…Foundation is an independent body – Philip Morris
By Agbonkhese Oboh
THE Environmental Rights Action, ERA, has cautioned South-East Centre for Biotechnology and University of Nigeria, Nsukka, UNN, against collaborating with Foundation for Smoke-Free World, saying any proposal from the Foundation is an attempt by Philip Morris International, PMI, to boost its credibility as a legitimate stakeholder in discussions about tobacco risk reduction.
ERA petitioned UNN’s Vice Chancellor, Professor Benjamin Ozumba, with copies sent to President Muhammadu Buhari, Vice President Yemi Osinbajo, Ministers of Education and Health, Executive Secretary of the National Universities Commission, NUC, and the Committee of Vice Chancellors of Nigerian Universities, cautioning that the institution risks undermining its reputation and credibility by associating with the Foundation.
The Centre, domiciled at the UNN, is the South-East regional office of International Centre for Biotechnology, ICB, a Category II Centre under the auspices of the United Nations Educational, Scientific and Cultural Organisation, UNESCO, to support alternative livelihoods for Africa’s smallholder tobacco farmers.
In the petition, ERA said: “The Foundation’s communications are currently targeting low-income, low-prevalence countries, where reduced risk products represent a new business opportunity for PMI’s tobacco products and not a solution to the tobacco epidemic.
“If research institutes in other parts of the world have distanced themselves from the PMI-funded Foundation,” it said, “there is no reason UNN should continue to play ostrich to calls to make public what it has going on with the Foundation.”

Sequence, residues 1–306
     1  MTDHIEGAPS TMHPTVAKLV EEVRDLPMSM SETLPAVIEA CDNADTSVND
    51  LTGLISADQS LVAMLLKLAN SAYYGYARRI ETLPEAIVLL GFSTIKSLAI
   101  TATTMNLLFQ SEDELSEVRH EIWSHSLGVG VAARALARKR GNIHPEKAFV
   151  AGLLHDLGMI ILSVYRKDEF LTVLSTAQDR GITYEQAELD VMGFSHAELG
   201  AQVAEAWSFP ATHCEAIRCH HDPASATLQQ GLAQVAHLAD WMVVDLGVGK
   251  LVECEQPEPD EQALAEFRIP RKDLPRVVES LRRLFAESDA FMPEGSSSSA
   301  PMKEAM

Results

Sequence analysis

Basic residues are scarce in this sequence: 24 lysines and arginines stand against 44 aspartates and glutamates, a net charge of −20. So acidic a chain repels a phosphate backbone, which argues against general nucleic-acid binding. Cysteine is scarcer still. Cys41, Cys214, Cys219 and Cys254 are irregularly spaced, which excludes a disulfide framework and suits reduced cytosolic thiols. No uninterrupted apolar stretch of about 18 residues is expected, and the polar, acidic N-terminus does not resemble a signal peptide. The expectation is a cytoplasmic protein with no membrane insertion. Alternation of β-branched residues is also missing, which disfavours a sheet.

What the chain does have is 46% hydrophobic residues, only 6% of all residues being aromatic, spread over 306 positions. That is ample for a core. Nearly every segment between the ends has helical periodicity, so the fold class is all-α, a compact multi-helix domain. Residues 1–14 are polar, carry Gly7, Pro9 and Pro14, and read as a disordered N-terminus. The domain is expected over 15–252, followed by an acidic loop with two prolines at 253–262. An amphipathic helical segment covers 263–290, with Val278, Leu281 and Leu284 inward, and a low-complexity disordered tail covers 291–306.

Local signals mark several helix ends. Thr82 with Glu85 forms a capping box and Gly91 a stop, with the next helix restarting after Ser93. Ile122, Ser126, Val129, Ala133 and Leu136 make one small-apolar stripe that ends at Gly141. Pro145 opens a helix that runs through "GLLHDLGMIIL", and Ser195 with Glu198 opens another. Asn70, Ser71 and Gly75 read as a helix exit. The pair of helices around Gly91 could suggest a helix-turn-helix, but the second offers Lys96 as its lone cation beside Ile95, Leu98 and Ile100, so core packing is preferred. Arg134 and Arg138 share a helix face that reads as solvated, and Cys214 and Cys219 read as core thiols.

PIM, Centre react
However, in a reaction, PMI told Sunday Vanguard that it has no say in what the Foundation does, as it is an independent body.
In a reply to an e-mail, Iro Antoniadou of PMI’s Media Office said: “The Foundation for a Smoke-Free World is a self-governed organisation with an independent Board of Directors. Its activities, governance and research agenda is defined independently by its Directors.
“As such, Philip Morris International has no visibility to programme proposals or requests for funding. Please contact the Foundation directly with your enquiry.”
But the Foundation did not respond to Sunday Vanguard’s request for comment.
When we contacted UNN’s VC’s office, one Mr. Chibueze Nweze directed us to an official of the Centre, Mrs Chinwe Nwokolo, who further directed Sunday Vanguard to Mr. Chiadikobi Onyia, who said: “Please, I have gone through your research area and find that what you want is not what we can help(sic). Thanks.”
Meanwhile, in September 2017, PMI announced it was funding the Foundation to the tune of USD $1 billion over a 12-year period beginning in 2018. The Foundation was formed to promote research into “reduced-risk” products currently being developed and marketed by PMI and other tobacco companies.
Reacting, the World Health Organisation, WHO, warned its global partners to keep a safe distance from the Foundation, insisting its Framework Convention on Tobacco Control, WHO FCTC— and not PMI’s alleged ‘harm reduction’ business strategy or its Foundation— represent global consensus on how to prevent and reduce tobacco use and associated death and disease.
Interestingly, some institutions heeded WHO’s call. The International Union Against Tuberculosis and Lung Disease, Campaign for Tobacco-Free Kids, the International Framework Convention Alliance for Tobacco Control, American Cancer Society, World Heart Federation, Physicians for a Smoke-free Canada, among others, denounced the PMI initiative.